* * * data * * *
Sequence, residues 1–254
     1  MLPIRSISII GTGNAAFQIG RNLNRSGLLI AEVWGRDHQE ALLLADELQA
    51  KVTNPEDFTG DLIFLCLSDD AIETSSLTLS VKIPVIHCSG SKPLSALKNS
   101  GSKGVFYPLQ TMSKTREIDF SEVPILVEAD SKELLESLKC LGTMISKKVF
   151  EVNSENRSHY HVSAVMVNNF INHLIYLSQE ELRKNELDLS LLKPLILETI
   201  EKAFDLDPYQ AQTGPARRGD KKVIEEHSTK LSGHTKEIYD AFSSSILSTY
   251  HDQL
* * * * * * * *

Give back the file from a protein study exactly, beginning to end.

Sequence, residues 1–254
     1  MLPIRSISII GTGNAAFQIG RNLNRSGLLI AEVWGRDHQE ALLLADELQA
    51  KVTNPEDFTG DLIFLCLSDD AIETSSLTLS VKIPVIHCSG SKPLSALKNS
   101  GSKGVFYPLQ TMSKTREIDF SEVPILVEAD SKELLESLKC LGTMISKKVF
   151  EVNSENRSHY HVSAVMVNNF INHLIYLSQE ELRKNELDLS LLKPLILETI
   201  EKAFDLDPYQ AQTGPARRGD KKVIEEHSTK LSGHTKEIYD AFSSSILSTY
   251  HDQL